LAMBERT ADOLPHE JACQUES QUETELET (1796-1874), Belgian astronomer, meteorologist and statistician, was born at Ghent on the 22nd of February 1796, and educated at the lyceum of that town.
The building was finished in 1832, and the instruments were ready for work in 1835, from which date the observations were published in 4to volumes (Annales de l'Observatoire Royal de Bruxelles), but Quetelet chiefly devoted himself to meteorology and statistics.
His son, Ernest Quetelet (1825-78), was from 1856 attached to the observatory, and on his death succeeded him as director.
Quetelet's astronomical papers refer chiefly to shooting stars and similar phenomena.
Quetelet, by his pupil and assistant E.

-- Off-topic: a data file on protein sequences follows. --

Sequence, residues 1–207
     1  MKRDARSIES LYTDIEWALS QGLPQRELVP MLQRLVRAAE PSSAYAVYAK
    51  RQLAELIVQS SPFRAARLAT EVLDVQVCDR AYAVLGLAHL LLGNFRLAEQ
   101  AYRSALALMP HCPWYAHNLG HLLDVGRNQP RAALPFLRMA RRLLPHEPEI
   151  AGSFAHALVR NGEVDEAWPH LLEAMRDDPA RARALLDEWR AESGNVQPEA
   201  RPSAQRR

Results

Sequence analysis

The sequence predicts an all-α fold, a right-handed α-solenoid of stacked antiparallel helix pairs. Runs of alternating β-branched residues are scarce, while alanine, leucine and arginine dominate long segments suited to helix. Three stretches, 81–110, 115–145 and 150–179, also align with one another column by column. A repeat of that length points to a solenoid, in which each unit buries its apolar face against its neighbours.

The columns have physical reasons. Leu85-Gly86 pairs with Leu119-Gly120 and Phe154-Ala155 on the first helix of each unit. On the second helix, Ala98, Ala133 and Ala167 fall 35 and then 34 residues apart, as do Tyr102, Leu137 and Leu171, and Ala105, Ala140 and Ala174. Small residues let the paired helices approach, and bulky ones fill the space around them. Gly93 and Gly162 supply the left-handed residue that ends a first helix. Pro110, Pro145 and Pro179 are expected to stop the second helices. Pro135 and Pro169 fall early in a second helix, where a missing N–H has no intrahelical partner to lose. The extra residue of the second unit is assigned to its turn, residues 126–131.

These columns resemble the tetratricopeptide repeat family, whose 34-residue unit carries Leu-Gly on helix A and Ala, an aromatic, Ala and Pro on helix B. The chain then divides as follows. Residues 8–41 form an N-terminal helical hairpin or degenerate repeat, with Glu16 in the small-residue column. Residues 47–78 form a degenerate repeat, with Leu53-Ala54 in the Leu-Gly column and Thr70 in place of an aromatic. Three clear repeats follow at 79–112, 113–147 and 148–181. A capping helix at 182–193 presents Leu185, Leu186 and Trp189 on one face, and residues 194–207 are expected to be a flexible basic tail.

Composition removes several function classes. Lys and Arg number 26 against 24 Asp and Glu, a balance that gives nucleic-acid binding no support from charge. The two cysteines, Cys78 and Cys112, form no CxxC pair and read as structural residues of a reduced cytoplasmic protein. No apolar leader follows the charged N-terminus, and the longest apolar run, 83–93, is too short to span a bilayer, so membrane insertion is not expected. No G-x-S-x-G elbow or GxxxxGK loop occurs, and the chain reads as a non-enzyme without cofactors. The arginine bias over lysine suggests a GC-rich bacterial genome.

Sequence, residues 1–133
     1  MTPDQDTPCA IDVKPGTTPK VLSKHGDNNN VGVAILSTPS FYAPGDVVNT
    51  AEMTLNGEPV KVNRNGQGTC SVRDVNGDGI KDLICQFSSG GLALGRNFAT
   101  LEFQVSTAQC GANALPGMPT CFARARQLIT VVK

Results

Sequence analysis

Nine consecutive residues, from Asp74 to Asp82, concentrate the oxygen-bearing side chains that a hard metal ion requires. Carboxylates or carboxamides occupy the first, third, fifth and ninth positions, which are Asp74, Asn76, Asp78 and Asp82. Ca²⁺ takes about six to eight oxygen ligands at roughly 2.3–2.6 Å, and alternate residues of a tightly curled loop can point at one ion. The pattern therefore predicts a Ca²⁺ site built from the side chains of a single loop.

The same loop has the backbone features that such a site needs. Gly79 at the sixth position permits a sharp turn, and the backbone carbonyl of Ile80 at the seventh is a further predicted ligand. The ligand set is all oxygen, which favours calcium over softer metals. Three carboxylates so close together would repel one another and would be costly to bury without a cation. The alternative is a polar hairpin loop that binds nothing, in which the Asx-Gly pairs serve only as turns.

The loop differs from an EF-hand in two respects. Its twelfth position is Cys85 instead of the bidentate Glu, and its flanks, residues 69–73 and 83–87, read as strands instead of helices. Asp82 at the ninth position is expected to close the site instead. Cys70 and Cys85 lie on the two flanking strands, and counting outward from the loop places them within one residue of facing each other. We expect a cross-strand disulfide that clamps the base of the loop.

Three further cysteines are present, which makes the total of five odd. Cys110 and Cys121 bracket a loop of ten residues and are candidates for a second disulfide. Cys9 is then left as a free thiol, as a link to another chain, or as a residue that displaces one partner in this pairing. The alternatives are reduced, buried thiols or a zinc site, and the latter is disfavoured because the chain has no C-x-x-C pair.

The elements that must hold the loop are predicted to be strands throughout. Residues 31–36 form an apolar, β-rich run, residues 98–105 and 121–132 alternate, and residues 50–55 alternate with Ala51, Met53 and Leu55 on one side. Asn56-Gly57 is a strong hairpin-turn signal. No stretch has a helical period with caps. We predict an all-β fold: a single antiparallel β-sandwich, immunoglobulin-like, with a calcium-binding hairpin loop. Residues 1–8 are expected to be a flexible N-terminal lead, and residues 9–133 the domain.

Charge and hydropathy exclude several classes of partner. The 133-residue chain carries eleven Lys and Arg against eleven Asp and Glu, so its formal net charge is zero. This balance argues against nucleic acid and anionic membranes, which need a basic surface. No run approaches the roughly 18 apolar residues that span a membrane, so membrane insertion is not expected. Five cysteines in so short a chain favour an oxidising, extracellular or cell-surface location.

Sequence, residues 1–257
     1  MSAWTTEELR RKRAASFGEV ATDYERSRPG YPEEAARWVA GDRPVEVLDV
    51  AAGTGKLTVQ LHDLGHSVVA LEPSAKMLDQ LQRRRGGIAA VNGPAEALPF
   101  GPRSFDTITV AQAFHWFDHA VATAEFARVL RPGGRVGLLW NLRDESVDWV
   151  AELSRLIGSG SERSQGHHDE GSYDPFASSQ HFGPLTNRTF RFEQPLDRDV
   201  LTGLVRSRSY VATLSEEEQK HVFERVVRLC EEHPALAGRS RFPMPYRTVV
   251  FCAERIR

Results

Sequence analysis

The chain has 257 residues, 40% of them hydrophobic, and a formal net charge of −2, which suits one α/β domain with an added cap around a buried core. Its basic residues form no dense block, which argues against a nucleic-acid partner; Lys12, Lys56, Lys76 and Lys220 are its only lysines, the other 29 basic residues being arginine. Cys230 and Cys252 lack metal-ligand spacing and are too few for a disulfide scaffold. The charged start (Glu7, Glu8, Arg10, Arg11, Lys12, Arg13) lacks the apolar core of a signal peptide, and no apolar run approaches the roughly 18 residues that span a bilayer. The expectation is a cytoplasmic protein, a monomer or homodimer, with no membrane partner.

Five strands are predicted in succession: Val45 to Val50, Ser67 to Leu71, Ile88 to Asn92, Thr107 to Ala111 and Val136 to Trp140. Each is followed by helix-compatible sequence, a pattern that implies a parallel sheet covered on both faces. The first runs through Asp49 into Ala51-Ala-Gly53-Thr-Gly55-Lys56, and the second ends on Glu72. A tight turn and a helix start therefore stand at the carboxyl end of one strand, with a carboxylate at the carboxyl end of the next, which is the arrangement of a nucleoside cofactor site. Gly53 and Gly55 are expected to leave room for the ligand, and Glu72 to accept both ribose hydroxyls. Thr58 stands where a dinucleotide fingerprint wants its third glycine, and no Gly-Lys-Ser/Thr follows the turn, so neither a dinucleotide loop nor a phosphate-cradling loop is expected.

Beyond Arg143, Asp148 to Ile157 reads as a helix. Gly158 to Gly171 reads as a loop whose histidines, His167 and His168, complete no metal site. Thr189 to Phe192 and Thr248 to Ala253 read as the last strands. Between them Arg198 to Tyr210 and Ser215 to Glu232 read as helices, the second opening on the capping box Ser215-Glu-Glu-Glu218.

The theory of chance was applied to the study of human variation by Quetelet; but the most important applications of this theory to biological problems are due in the first instance to Francis Galton, who used the theory of correlation in describing the relation between the deviation of one character in an animal body from the mean proper to its race and that of a second character in the same body (correlation as commonly understood), or between deviation of a parent from the mean of its generation and deviation of offspring from the mean of the following generation (inheritance).
Quetelet's plan of defining such types will probably meet with general acceptance as the scientific method proper to this branch of anthropology.
(For particulars of Quetelet's method, see his Physique sociale (1869), and Anthropometrie (1871).) Classifications of man have been numerous, and though, regarded as systems, most of them are unsatisfactory, yet they have been of great value in systematizing knowledge, and are all more or less based on indisputable distinctions.
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